European unions show support for Greek workers
At a conference convened on Monday and Tuesday of this week by the European wing of the global union federation IndustriALL, delegates from across Europe (including Unite, and manufacturing unions from Belgium, Bulgaria, France, Germany, Italy and Spain) gathered in Athens to learn about the attacks on trade unions, the dismantling of collective bargaining by the Greek government and the rise of the fascist Golden Dawn party.
The conference had been called to show solidarity with members of the Greek metal workers union POEM whose officials were due to appear in a Greek court following the on-going conflict at the Skaramanga Shipyard.
For over a year Greek workers at the shipyards failed to receive wages because of a conflict between the shipyard’s owner and the Greek government. On 4th October 2012, POEM organised a demonstration in front of the Greek Ministry of Defence. They asked to meet the Minister but when it became obvious that the Minister was not interested in meeting with them, the workers, desperate and furious, decided to enter the building which led to clashes with the police.
Approximately 120 workers were arrested. POEM assumed responsibility for this event and asked the police to release the workers. This move was accepted by the police and the Attorney General.
As a result officials of POEM were faced with a court appearance this week. Conference delegates attended the court hearing and demonstrated in the court house square as the POEM officials made their first court appearance. The full hearing was put back until May, 2014.
The conference itself heard contributions by union officials and academics from Greece of the attacks on trade unions and working people including the so called market and pension reforms. These have had a devastating effect on Greece’s already weak economy.
It was reported that the latest Greek budget predicts that the economy will shrink by 6.5% this year and by a further 4.5% in 2013. Greece has been in recession for four years, and its economy is projected to have shrunk by a fifth between 2008 and the end of this year. Without economic growth, the Greek government cannot boost its own tax revenues and so has to rely on aid to pay its loans.
Many commentators believe that even the combined €240bn of loans and the debt write-off will not be enough. Eurozone finance ministers agreed earlier this month to give Greece two more years – until 2016 – to meet the deficit reduction targets that are a condition of the bailout loans. Greece’s debt is currently forecast to hit almost 190% of GDP next year.
The IMF made clear that it would only consider the debts sustainable if they could be brought down to 120% of GDP by 2020. The IMF will not lend money to a country whose debts it does not deem sustainable. Greece’s debts are now expected to fall to 124% of GDP by 2020. This will be done by cutting the interest rate on existing rescue loans, returning profits earned by the European Central Bank on Greek debts it owns, and helping Greece buy back its private-sector debts at their currently depressed market prices.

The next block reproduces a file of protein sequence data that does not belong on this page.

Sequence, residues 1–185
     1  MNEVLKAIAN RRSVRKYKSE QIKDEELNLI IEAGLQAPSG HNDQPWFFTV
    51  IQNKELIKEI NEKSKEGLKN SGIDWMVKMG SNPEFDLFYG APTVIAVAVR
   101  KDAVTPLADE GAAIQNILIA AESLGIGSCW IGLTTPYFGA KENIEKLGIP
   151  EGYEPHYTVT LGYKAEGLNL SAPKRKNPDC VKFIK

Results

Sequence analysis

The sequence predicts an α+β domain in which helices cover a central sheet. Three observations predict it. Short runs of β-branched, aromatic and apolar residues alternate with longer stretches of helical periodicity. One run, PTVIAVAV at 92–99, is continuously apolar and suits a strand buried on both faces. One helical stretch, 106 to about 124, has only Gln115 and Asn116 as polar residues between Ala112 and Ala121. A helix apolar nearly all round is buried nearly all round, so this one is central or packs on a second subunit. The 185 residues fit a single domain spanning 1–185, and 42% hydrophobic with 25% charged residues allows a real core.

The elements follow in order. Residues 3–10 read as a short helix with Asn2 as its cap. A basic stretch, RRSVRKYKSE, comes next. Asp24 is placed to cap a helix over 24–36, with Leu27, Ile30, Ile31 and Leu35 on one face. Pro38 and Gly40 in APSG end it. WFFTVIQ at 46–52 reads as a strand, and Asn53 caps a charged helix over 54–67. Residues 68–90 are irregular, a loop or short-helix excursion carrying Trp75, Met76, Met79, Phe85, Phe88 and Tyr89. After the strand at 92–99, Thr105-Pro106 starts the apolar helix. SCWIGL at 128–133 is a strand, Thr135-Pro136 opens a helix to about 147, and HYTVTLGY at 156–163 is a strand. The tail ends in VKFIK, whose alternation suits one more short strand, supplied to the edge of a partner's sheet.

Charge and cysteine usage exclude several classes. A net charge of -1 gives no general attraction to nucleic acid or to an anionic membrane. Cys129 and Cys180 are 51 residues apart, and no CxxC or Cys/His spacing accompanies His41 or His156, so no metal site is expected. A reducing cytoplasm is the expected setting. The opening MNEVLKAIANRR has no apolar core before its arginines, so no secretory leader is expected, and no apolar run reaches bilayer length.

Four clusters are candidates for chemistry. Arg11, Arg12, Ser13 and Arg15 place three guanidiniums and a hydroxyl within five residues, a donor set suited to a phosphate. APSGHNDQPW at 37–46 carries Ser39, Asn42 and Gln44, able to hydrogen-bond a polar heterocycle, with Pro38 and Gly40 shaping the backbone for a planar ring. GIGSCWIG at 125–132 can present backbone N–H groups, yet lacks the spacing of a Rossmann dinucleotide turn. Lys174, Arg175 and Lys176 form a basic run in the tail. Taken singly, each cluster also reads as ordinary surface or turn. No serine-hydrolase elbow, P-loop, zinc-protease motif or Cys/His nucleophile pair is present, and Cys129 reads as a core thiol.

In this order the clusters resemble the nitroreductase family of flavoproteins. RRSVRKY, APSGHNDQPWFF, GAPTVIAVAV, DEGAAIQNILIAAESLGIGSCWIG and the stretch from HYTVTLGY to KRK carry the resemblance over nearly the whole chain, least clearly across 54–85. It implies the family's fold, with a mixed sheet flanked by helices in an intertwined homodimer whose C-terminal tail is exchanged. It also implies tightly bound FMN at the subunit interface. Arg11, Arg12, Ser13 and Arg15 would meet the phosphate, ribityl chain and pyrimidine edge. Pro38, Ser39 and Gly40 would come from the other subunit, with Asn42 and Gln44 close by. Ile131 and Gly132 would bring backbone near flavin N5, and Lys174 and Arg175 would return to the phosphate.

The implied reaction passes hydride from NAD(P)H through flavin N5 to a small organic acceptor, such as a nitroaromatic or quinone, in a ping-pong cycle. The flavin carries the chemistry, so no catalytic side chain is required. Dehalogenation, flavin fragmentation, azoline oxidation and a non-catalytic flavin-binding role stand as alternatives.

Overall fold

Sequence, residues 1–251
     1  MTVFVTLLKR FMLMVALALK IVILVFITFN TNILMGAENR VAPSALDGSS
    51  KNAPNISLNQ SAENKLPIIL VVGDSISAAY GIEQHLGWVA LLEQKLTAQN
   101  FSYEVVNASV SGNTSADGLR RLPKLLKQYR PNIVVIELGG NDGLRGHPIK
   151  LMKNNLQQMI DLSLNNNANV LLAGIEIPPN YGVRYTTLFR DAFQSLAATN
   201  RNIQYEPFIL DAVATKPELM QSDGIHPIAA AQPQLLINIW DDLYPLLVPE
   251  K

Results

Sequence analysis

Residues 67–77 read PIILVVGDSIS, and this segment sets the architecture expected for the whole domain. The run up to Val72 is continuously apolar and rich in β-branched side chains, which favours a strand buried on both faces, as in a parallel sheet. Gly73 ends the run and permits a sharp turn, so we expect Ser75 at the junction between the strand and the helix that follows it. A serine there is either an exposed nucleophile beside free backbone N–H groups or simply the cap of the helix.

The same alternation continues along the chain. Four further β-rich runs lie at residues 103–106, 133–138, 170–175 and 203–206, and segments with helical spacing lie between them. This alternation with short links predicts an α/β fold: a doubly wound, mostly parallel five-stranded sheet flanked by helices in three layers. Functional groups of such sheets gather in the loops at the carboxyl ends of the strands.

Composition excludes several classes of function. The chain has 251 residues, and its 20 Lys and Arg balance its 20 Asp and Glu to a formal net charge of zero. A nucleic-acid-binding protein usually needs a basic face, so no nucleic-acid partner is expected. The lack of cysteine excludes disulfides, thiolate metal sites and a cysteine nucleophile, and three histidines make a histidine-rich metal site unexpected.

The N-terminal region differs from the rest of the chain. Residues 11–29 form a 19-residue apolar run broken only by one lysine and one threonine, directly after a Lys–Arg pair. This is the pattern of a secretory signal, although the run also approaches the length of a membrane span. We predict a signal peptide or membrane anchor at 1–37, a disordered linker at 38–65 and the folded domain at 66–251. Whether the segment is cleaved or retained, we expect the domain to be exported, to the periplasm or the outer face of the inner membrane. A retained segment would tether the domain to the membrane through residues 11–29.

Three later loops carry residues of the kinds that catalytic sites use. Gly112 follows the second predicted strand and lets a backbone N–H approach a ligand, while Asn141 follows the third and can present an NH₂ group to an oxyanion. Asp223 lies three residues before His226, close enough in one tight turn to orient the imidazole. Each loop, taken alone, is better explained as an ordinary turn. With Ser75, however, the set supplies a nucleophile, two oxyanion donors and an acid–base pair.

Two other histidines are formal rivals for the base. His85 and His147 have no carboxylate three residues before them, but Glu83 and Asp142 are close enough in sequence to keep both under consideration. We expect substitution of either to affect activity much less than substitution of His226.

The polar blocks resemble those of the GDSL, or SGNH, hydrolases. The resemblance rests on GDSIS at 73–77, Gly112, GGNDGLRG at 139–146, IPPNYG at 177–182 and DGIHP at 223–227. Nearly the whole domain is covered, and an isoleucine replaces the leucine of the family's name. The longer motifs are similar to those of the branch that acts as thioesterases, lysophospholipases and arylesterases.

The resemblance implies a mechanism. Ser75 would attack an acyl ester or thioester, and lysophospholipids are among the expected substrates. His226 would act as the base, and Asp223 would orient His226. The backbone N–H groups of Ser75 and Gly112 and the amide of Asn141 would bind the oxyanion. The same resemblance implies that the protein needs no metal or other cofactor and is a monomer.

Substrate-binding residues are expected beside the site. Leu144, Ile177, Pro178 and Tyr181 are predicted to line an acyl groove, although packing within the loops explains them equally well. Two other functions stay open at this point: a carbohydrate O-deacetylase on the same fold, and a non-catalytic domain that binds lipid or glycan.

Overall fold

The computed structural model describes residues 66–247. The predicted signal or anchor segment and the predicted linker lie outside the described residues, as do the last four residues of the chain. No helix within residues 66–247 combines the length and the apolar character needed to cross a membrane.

Greece’s unemployment rate is twice as high as the average across the Eurozone. Young Greeks, face up to 58% unemployment and almost 30% of the population has shifted to below the poverty line. 90% of families in the poorest neighbourhoods rely on food banks and soup kitchens.
Unicef estimated that nearly 600,000 children lived under the poverty line in Greece, and more than half that number lacked basic daily nutritional needs. The Neo Nazi party Golden Dawn has turned to staging “Greek only” food hand outs as a means of winning support.
In traditional middle class neighbourhoods the number of those requiring support has gone up from 50 to 500 since 2011. In 2011, Elstat – the Greek national statistics agency – reported suicide rates in Greece soared by 26%, the highest in fifty years. According to NGO Klimaka, the number would be significantly higher if failed suicide attempts were taken into account.
Greek workers no longer have money to buy medications or go to their primary care doctor and across the country, doctors and nurses have seen their pay reduced by nearly a third as serious shortages of drugs and medical equipment persist. Approximately 163 critical drugs are now unobtainable from pharmacies in Greece.
In attacks on workers’ rights the IMF, EU Commission and ECB set about dismantling core labour rights whilst collective bargaining is impeded and agreements abolished. The national minimum wage was recently slashed by 22% (32% for young workers) a move that will universally pull down wages by 40% and abolish a series of benefits.
Following the court appearance IndustriALL Europe issued a statement agreed at the conference and promised to continue to support Greek workers and their unions and agreed to return to Athens in May when the POEM leadership finally goes on trial.